Scientists on a global quest to rediscover
"lost" amphibian species have returned from their first set of expeditions
having rediscovered three species that had not been seen for decades,
Conservation International (CI) and the IUCN Amphibian Specialist Group (ASG)
LEARN MORE: The Search for the
Searches are continuing around the globe for 100 species of amphibians that
had been thought to have gone extinct, but that scientists believe may be
surviving in small populations. While the discoveries are a cause for
celebration as the world prepares for the Convention on Biological Diversity
(CBD) that will be held in Nagoya, Japan next month, they also highlight the
shocking decline in the world's amphibian species in recent decades, with more
than a third of all amphibians threatened with extinction.
The three animals that have been rediscovered so far include a Mexican
salamander not seen since it was discovered in 1941, a
frog from the Ivory Coast not seen since 1967 and another frog
from Democratic Republic of Congo not seen since 1979.
Dr. Robin Moore, who has organized the Search for the Lost Frogs for CI and
the ASG said: "These are fantastic finds and could have important implications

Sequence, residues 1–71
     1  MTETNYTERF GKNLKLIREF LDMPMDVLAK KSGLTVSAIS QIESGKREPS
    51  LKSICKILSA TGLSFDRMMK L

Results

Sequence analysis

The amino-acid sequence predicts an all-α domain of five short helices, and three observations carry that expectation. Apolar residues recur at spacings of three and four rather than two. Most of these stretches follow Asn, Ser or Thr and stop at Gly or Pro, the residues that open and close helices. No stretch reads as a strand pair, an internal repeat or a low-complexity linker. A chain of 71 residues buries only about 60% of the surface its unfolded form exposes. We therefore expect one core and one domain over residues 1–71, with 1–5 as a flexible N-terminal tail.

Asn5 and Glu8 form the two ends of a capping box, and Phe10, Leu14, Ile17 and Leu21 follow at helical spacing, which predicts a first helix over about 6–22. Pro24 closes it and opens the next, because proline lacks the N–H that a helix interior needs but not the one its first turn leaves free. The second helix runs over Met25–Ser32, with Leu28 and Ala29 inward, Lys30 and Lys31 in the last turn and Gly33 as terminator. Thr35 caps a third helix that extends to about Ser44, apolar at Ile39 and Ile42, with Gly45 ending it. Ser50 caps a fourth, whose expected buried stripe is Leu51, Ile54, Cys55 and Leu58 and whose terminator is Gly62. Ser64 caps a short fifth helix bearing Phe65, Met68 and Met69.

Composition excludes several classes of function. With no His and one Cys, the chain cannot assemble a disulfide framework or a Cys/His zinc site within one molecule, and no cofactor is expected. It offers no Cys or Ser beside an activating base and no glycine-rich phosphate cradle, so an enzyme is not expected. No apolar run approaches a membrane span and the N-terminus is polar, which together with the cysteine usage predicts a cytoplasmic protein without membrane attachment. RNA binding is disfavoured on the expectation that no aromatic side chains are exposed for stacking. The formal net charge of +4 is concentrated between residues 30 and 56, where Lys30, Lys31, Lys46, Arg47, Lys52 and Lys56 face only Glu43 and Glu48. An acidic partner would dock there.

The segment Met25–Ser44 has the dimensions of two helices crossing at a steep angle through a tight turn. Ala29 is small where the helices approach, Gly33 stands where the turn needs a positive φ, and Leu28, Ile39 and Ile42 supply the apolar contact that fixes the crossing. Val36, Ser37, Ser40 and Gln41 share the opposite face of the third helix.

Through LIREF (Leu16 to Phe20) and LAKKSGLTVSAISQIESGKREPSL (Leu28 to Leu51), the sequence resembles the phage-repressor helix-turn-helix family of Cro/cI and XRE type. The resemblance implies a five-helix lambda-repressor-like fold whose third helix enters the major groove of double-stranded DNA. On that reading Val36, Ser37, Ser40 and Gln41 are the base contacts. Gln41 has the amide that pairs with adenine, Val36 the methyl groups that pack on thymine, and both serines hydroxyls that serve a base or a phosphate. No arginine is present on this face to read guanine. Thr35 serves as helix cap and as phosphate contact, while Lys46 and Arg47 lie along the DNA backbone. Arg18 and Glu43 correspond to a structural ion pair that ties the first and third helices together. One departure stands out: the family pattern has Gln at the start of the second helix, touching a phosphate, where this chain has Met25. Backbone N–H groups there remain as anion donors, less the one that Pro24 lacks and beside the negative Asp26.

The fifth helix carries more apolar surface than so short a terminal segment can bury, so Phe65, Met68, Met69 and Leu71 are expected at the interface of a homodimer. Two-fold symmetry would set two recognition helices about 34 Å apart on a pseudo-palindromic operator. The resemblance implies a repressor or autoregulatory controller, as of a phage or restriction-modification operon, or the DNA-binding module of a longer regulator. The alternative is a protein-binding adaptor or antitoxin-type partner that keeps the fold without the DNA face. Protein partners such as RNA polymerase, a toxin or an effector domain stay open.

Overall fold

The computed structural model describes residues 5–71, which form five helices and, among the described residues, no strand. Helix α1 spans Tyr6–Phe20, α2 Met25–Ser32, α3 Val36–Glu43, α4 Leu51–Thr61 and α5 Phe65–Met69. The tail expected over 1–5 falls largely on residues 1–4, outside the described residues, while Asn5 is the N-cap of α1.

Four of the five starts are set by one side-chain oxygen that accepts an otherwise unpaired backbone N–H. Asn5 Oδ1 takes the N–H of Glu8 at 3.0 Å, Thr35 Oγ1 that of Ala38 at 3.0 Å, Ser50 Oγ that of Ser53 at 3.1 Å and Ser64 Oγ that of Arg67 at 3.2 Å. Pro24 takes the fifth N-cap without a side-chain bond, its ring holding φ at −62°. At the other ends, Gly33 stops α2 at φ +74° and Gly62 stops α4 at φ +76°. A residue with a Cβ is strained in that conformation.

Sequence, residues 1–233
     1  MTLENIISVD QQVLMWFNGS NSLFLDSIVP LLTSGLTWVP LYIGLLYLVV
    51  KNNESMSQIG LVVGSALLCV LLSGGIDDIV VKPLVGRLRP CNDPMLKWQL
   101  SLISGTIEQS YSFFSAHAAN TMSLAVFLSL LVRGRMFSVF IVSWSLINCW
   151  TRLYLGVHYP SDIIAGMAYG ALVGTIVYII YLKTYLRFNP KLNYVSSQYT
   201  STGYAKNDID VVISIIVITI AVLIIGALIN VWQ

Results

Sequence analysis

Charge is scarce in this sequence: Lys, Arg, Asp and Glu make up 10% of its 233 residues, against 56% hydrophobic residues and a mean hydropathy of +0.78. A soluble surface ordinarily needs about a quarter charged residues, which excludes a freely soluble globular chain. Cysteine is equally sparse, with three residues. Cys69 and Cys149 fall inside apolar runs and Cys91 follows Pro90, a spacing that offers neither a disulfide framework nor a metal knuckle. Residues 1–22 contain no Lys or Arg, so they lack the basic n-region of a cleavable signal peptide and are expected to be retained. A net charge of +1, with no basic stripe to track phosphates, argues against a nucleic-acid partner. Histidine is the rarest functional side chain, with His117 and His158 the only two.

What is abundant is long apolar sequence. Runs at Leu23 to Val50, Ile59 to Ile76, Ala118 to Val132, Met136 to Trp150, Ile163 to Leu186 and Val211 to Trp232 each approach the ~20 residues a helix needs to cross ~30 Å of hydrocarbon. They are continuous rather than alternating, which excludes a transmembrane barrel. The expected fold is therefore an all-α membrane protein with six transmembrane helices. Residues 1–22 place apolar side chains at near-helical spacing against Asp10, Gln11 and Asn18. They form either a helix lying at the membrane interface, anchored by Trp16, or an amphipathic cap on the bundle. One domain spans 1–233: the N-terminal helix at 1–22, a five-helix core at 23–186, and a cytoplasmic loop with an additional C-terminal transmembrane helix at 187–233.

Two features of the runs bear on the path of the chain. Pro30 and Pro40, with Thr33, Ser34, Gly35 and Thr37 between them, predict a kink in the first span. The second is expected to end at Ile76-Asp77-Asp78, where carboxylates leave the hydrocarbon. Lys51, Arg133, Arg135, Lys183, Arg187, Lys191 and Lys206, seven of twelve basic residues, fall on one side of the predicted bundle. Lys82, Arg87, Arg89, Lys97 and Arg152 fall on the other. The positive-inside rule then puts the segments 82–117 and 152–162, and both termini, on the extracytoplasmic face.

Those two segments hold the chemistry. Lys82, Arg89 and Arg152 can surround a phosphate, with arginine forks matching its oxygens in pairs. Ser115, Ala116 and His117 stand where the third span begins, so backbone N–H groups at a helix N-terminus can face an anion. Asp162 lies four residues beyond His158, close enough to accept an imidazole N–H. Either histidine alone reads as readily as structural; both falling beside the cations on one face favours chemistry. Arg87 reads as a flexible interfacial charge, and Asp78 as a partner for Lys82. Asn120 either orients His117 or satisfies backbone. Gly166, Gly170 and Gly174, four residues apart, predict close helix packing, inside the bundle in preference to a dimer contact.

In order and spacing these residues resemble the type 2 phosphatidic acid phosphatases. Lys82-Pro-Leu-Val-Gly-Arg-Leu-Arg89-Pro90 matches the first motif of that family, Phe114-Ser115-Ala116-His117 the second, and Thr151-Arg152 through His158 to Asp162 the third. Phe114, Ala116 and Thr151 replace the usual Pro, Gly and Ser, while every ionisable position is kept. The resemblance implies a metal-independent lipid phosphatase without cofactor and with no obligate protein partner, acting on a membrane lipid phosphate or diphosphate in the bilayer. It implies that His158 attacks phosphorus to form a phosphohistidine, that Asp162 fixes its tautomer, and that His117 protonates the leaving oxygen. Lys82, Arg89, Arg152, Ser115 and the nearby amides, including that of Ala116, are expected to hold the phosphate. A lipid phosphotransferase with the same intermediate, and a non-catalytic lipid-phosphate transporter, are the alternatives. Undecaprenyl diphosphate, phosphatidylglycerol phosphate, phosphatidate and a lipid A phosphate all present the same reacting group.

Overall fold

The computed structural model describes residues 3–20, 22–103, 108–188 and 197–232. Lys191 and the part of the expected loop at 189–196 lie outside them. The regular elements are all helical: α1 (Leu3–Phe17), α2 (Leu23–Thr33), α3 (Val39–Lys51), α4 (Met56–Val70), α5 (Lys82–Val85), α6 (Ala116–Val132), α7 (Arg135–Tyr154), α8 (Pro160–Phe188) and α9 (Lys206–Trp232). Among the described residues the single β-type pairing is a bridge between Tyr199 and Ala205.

for people as well as for amphibians. We don't know whether study of these
animals could provide new medicinal compounds – as other amphibians have, and at
least one of these animals lives in an area that is important to protect as it
provides drinking water to urban areas. But these rediscovered animals are the
lucky ones – many other species we have been looking for have probably gone for
The rediscovered animals are:
Splayfoot Salamander (Chiropterotriton
Hidalgo Province, Mexico.
Not seen since
the discovery of a single individual in 1941. Pink footed, brown salamander that
is believed to live underground in cave systems. Several were found by scientist
Sean Rovito from the Universidad Nacional Autonoma de Mexico, in a cave system
which is only accessible by abseiling down a large pothole.
Nimba Reed Frog (Hyperolius nimbae)
Last Seen in 1967. Small and well camouflaged brown frog rediscovered by
local scientist N'Goran Kouame from the University of
Reed Frog (Hyperolius sankuruensis)
Last seen in 1979. Beautiful frog with bright green – almost fluorescent
looking – spots on a dark brown background. Rediscovered by Jos Kielgast from
The Natural History Museum of Denmark.
Dr. Moore added: "It's pretty extraordinary to think about just how long it
has been since these animals were last seen. The last time that the Mexican
Salamander was seen Glen Miller was one of the world's biggest stars, while the
Mount Nimba Reed Frog hasn't been seen since the year the Beatles released Sgt
Pepper's Lonely Heart Club Band and the Omaniundu Reed Frog disappeared the year
that Sony sold its first ever Walkman."
The first phase of the Search for the Lost Frogs campaign will be continuing
until the opening of the Convention on Biological Diversity (CBD) in Nagoya,
Japan in October, with further rediscoveries expected.